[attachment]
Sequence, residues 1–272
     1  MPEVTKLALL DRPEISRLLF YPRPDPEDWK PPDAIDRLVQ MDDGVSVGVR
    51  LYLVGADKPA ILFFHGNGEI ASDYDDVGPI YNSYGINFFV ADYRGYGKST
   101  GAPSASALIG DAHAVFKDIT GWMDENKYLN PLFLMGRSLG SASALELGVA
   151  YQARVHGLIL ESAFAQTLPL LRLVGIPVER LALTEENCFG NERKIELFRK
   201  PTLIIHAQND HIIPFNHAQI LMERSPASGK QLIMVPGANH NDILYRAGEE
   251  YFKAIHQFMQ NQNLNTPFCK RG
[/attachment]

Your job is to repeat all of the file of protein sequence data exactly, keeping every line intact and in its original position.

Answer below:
Sequence, residues 1–272
     1  MPEVTKLALL DRPEISRLLF YPRPDPEDWK PPDAIDRLVQ MDDGVSVGVR
    51  LYLVGADKPA ILFFHGNGEI ASDYDDVGPI YNSYGINFFV ADYRGYGKST
   101  GAPSASALIG DAHAVFKDIT GWMDENKYLN PLFLMGRSLG SASALELGVA
   151  YQARVHGLIL ESAFAQTLPL LRLVGIPVER LALTEENCFG NERKIELFRK
   201  PTLIIHAQND HIIPFNHAQI LMERSPASGK QLIMVPGANH NDILYRAGEE
   251  YFKAIHQFMQ NQNLNTPFCK RG